Question: What do you get when you put Streep and Tom Hanks (Forrest Gump) together with Director Steven Spielberg (E.T.: The Extra-Terrestrial)? Answer: A movie making a "dream team" of course.  I'm not sure why someone didn't just pull out an Oscar and hand it over to them.  They are the top tier in a competitive filmmaking industry and even their worst films are better than many other directors' and stars'.  Streep does use a familiar hand gesture we have seen from her before in The Devil Wears Prada and Bridges of Madison County (to name a few of her films) where she puts her hand over her mouth in contemplation which can sometimes be distracting.  Besides these heavy hitters, the supporting cast including Bradley Whitford (Get Out), Sarah Paulson (American Horror Story)  and Bob Odenkirk (Breaking Bad) are all seasoned professionals who do a great job alongside these Oscar winners.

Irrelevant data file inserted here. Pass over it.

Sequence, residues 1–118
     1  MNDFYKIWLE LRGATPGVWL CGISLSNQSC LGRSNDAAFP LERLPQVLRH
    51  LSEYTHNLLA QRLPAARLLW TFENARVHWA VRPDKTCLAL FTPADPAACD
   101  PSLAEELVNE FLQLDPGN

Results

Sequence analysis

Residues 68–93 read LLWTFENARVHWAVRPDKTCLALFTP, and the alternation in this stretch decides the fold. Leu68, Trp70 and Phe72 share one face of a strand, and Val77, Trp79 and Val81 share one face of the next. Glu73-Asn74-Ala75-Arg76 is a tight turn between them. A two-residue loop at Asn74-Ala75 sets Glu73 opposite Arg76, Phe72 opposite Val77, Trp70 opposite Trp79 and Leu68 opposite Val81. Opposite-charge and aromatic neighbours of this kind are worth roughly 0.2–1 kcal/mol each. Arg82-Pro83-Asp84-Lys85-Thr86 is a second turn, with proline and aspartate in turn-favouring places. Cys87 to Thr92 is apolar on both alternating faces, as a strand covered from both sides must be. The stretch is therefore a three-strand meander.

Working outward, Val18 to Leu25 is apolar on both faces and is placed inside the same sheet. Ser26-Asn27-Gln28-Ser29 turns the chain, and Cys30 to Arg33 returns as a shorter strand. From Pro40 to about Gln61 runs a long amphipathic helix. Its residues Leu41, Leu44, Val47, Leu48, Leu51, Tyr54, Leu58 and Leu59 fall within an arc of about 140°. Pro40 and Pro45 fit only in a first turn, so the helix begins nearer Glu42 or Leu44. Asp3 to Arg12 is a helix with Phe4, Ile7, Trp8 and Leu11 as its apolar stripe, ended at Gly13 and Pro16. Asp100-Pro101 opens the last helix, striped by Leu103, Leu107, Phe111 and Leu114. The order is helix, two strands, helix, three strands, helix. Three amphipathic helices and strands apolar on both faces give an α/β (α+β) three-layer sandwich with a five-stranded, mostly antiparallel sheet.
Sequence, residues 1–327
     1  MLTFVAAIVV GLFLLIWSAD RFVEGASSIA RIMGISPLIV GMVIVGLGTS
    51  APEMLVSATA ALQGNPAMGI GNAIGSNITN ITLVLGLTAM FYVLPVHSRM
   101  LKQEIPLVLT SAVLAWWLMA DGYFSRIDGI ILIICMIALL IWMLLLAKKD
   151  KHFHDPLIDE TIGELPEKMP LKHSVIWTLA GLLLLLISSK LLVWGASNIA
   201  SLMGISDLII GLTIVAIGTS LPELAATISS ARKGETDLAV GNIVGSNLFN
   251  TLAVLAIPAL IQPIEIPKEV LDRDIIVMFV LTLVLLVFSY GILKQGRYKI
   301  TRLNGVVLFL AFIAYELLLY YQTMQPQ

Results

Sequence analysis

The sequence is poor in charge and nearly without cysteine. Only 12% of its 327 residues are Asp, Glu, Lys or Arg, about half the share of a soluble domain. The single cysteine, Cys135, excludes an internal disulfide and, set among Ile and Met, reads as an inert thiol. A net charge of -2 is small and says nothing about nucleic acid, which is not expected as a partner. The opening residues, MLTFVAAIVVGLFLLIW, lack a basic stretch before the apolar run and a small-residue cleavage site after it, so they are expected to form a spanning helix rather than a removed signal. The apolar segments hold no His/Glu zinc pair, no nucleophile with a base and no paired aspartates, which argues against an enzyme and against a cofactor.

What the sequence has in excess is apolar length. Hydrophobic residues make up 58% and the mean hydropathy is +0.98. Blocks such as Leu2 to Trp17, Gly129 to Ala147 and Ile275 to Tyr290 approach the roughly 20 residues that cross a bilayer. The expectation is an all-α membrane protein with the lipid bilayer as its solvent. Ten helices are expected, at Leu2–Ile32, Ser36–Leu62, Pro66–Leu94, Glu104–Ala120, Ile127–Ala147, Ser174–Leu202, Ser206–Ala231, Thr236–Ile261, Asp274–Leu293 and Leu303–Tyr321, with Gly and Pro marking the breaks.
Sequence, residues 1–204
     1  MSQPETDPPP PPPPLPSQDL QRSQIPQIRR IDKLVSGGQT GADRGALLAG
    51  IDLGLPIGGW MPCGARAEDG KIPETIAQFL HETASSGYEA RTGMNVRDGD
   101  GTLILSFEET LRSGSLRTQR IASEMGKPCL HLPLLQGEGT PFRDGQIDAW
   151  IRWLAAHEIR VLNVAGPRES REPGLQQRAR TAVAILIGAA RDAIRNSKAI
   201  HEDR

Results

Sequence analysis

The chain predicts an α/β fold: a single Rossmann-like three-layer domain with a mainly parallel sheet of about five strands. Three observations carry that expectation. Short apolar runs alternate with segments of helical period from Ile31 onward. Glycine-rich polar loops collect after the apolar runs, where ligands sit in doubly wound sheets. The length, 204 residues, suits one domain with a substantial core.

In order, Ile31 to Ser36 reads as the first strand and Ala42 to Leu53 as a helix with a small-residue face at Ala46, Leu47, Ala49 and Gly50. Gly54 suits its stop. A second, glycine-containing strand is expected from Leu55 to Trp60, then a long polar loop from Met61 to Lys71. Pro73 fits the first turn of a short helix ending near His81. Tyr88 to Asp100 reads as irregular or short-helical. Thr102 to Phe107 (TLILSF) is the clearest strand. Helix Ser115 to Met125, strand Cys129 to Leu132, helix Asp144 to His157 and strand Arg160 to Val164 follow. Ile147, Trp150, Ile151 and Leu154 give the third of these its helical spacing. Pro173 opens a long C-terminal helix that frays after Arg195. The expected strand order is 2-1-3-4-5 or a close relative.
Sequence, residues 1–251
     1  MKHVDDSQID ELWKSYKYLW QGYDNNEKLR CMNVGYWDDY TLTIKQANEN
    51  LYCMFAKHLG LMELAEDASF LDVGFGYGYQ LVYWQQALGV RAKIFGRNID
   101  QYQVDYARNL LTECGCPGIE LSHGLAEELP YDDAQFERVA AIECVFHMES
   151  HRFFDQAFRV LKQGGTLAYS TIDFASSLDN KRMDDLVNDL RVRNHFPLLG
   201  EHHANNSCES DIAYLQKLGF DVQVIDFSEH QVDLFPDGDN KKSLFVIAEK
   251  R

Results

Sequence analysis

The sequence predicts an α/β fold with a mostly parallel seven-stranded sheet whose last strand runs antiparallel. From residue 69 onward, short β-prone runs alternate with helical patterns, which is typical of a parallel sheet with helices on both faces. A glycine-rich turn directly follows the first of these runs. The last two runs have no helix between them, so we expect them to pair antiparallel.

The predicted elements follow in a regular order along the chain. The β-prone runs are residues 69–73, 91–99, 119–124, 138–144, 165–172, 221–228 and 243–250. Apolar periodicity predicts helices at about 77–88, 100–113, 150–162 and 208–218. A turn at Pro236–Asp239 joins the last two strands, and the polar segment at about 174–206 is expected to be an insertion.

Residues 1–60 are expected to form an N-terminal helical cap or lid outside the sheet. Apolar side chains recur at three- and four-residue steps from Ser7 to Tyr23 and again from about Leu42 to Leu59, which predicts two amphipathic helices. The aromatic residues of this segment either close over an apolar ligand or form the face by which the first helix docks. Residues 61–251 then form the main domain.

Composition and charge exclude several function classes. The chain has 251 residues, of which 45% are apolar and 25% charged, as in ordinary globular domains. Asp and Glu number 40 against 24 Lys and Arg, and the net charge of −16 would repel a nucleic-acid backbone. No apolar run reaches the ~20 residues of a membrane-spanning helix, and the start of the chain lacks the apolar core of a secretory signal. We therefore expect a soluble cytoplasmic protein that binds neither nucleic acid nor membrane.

While not as intriguing or captivating as All The President's Men, The Post still offers some gripping drama, as well as pointed commentary on the current state of the political climate in this country which I'm sure, was part of Spielberg's point in making this film.  Regardless, it is a classic newspaper story (which was fun to watch with all the printing presses of yesteryear) with a strong message and a fabulous cast.  Some are calling it the best film of 2017, which I don't necessarily agree with, but I will admit it is certainly among the top ones for the year.

Grade: A-

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Trailer
Trailer
Steven Spielberg directs Meryl Streep and Tom Hanks in The Post, a thrilling drama about the unlikely partnership between The Washington Post’s Katharine Graham (Streep), the first female publis...
2:32